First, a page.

Kafiya Dawi’s father was her world, until he left her family and made her question anything she knew about family, love and trust. She has spent years trying to overcome the scars he created, and while it hasn’t been easy, she has become stronger and a teenager that is now in control of her future.  

I write this as a 16-year-old Muslim Somali girl who is currently going through a lot, including an absent father. My family is very complicated to say the least. It’s me, my non-verbal autistic sister and my mother. I also grew up with older siblings, but that’s a different story.

When I was younger my mother was the breadwinner. She worked as a janitor living in a Section-8 townhouse in southwest Minneapolis. My father was a taxi driver for some time, but mainly took care of us. I was the ultimate daddy’s girl. I would often get very jealous when my sister would get the slightest attention from my dad. But my father loved me, and he would proclaim me as his favorite. He was my world.

My father was deeply tribal. He would often tell me, when I was as young as 8 years old, that he would be angry if I married a man who was not in our tribe or close to it. I thought he was a respected man because of his devotion to the tribe, but I would always hear stories of how disliked he was and also how he had a bad temper. This was the start of many bad things.

It all started around September of 2009. I was in 4th grade, and he left his 8-year-old intellectually disabled daughter and his 9-year-old (me) to go to Somalia. Why he left, I will never know. When he did eventually return, it was March. Six months had passed. The time he was gone was a hard one for me. I was argumentative with my mom; I was disrespectful at times. It took me years to realize there’s a correlation between my father’s absence in my life and my behavior.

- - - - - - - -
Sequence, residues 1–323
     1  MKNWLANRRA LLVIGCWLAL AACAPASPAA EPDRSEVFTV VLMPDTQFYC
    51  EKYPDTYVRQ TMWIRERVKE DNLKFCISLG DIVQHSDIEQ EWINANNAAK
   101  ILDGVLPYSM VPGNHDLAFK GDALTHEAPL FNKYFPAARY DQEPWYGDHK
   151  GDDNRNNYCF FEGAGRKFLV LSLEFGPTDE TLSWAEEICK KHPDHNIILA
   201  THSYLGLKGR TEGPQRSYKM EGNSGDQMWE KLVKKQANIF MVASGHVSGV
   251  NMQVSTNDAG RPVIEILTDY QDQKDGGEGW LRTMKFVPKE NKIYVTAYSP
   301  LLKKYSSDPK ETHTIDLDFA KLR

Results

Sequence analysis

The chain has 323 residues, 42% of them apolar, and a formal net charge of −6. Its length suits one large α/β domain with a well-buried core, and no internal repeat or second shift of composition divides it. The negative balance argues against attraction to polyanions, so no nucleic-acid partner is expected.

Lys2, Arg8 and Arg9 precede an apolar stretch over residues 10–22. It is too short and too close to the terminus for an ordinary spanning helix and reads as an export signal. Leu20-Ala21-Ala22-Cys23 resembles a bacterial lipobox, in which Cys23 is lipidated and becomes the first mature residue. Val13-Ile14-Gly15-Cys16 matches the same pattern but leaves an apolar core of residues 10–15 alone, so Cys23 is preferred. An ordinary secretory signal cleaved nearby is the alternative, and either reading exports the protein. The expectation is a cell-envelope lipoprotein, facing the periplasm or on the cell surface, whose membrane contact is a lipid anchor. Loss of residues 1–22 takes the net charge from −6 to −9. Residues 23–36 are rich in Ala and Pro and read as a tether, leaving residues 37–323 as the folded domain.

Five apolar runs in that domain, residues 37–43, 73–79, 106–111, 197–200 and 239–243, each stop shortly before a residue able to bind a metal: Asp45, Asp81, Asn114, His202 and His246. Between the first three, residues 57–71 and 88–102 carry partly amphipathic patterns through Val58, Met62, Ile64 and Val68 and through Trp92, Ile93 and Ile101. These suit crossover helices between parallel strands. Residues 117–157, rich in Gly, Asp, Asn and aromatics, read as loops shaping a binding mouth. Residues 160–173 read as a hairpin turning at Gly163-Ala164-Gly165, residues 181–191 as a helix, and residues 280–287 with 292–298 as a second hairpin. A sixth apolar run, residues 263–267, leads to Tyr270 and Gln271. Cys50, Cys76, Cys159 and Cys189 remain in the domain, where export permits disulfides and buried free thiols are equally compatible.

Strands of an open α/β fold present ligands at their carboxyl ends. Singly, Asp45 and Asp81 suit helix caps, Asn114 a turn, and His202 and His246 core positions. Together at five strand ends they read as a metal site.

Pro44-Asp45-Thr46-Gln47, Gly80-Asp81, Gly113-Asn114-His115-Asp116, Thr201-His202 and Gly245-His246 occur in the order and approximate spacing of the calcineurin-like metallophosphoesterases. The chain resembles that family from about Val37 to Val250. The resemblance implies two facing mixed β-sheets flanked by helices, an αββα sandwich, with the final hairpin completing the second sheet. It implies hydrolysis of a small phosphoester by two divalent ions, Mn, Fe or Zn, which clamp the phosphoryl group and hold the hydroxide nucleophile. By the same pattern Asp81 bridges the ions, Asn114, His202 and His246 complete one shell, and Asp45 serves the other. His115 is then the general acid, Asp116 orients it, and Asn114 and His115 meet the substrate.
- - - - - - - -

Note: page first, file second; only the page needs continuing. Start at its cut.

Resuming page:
This wasn’t the first time I was crushed. My paternal grandmother died a year before my dad’s departure. She had a house, and she promised to give that house to me, my sister and my mom before she passed. But my dad took the house and gave it to his new wife. In that moment, not only was I devastated, I was faced with the harsh reality that men often choose other women over their daughters.

After that, it continued. On November 5th, 2013, my father was packing his bags to go to Somalia. I had recently turned 14 years old. He told me that he would be back in a couple of months. So I waited. Days turned into weeks, which then turned into months. I slowly but maturely began to lose hope and convinced myself that not only would he not return anytime soon, but that he would never return.

But after a few years, I took control. I started therapy of all sorts like yoga, aromatherapy, counseling, and they all worked. Until this March, when I found out my father’s new wife was pregnant. This was the most depressed I had ever felt. I felt betrayed, hopeless. And felt like you can never rely or even trust anyone. Even if they are very close to you, because they turn around and stab you in the back.

Since then, I continue to work at bettering myself, and my life, but it’s hard when hardships get in the way. I’ve faced a lot, and I’m worried there will be more, but I know that what I’ve gone through has made me stronger and I have the power and control to turn things around.

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